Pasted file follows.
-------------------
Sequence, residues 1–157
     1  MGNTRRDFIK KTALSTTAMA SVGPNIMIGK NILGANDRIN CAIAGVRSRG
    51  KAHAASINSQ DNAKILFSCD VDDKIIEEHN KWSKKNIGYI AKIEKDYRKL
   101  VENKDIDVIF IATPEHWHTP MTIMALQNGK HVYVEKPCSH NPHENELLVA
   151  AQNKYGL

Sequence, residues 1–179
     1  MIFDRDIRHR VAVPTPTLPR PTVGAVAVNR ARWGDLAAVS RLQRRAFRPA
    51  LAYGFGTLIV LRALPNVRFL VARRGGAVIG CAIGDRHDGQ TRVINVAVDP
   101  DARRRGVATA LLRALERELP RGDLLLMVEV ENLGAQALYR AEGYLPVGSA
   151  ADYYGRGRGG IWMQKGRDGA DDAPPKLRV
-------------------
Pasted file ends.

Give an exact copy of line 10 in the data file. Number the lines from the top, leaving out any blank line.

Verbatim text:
   151  ADYYGRGRGG IWMQKGRDGA DDAPPKLRV